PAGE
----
The Importance of Being Discrete (and Spatial)

R Durrett, S Levin

Theoretical population biology, Volume 46, Issue 3, December 1994, Pages 363–394

DOI http://dx.doi.org/10.1006/tpbi.1994.1032

Used by the Quanticol project

The Importance of Being Discrete(and Spatial): This paper compares four approaches to the modelling of spatially distributed systems. Mean-field approach(no spatial representation, individuals treated homogeneously), Reaction-diffusion approach(extend mean-field approach by adding reaction-diffusion factor), Patch models(group individuals to patches, patches have no difference, and can interact with all the rest patches stochastically), Interacting particle system(subdivide space into a grid of cells, individuals in a cell can only interact with their neighbours).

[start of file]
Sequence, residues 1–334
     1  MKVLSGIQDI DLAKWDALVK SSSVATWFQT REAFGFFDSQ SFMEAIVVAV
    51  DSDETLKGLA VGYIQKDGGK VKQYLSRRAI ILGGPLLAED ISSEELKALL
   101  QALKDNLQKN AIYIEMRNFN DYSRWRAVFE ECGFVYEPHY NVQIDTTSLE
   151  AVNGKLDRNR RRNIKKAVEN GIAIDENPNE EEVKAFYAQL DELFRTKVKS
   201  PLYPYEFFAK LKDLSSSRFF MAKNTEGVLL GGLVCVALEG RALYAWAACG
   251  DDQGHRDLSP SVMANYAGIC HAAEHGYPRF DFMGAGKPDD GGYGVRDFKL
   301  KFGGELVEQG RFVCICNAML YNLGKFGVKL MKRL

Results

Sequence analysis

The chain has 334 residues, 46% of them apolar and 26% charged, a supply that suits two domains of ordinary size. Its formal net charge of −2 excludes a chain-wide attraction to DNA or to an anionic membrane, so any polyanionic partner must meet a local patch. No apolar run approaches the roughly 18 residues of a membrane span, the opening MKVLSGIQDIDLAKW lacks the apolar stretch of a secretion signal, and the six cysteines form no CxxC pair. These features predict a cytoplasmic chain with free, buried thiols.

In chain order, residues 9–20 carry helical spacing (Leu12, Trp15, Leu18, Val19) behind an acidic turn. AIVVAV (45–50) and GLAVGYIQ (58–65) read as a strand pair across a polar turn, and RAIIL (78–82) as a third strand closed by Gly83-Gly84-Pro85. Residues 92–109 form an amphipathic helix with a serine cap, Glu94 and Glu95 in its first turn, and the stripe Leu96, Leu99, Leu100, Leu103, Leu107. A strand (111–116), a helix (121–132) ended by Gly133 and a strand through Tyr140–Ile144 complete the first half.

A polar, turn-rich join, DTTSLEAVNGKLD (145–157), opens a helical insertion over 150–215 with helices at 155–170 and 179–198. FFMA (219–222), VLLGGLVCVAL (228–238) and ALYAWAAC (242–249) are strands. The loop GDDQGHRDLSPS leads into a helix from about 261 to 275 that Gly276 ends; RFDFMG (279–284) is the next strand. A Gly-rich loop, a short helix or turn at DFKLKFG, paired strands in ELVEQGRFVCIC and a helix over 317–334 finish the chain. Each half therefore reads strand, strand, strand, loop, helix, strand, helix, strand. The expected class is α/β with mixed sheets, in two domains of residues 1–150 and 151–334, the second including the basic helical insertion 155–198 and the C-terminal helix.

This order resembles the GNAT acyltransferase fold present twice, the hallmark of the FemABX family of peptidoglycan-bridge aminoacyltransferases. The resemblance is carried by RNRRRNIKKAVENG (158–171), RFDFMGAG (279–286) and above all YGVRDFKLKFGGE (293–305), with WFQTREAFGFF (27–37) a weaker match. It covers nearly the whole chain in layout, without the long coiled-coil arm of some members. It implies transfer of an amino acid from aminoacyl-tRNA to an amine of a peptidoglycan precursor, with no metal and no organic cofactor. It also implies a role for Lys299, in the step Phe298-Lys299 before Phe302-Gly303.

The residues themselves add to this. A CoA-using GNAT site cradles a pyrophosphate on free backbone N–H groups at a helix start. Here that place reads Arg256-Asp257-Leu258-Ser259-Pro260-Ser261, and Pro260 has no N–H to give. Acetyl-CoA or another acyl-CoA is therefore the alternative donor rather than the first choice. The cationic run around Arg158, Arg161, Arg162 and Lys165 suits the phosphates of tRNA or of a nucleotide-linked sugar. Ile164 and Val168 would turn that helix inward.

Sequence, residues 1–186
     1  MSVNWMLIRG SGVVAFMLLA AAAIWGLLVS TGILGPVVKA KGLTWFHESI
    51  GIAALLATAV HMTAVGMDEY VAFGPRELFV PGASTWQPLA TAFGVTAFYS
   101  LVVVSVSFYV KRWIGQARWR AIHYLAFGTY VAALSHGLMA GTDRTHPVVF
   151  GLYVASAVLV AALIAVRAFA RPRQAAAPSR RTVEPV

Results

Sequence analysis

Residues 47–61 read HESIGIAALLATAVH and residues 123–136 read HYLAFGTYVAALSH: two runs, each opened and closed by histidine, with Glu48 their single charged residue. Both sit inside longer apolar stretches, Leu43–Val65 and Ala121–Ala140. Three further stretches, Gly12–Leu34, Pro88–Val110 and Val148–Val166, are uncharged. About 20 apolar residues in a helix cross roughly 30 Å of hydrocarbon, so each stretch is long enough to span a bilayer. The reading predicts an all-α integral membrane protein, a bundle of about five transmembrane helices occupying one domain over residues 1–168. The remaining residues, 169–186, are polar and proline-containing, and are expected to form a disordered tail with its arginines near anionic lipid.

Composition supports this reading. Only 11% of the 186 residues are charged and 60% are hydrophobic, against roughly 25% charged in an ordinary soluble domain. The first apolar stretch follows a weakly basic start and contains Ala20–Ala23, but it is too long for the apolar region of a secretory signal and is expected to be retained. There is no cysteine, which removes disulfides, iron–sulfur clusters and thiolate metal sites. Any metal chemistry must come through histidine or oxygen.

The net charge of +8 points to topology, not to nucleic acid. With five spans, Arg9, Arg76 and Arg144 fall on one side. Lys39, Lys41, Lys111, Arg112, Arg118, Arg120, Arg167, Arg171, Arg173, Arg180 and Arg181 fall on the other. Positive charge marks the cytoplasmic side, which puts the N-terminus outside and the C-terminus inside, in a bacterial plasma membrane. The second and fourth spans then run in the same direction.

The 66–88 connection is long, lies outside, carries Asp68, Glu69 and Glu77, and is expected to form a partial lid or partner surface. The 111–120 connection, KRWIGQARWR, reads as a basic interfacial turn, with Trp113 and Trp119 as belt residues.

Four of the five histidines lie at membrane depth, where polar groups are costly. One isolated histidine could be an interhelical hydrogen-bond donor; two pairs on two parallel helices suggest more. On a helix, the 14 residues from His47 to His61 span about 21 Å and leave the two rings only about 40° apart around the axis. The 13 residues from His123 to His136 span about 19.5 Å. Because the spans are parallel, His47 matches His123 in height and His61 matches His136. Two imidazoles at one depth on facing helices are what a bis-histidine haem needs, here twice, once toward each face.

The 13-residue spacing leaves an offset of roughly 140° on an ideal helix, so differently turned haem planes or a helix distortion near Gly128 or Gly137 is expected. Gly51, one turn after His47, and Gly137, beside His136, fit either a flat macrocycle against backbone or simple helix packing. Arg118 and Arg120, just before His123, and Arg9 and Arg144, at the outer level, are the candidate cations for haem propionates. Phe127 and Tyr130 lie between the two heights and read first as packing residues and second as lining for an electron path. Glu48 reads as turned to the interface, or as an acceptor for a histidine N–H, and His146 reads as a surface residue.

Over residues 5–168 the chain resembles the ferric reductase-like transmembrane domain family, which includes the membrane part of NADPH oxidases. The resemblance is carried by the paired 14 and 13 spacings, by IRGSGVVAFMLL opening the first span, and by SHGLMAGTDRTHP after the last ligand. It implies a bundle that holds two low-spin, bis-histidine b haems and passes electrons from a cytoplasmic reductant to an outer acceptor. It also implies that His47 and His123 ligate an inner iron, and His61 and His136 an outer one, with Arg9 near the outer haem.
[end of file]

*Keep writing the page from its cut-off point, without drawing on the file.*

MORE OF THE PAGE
Case studies: Case 1: one species enhances the presence of the other -> all four approaches agree. Case 2: two species compete with a single resource-> the models with spatial representations disagree with the ones without spatial representation. Case 3: one species always do better than the other, but if the other dies out, it will also go extinction-> the first two approaches show that both the species die out, however the latter two approaches show that they can coexist.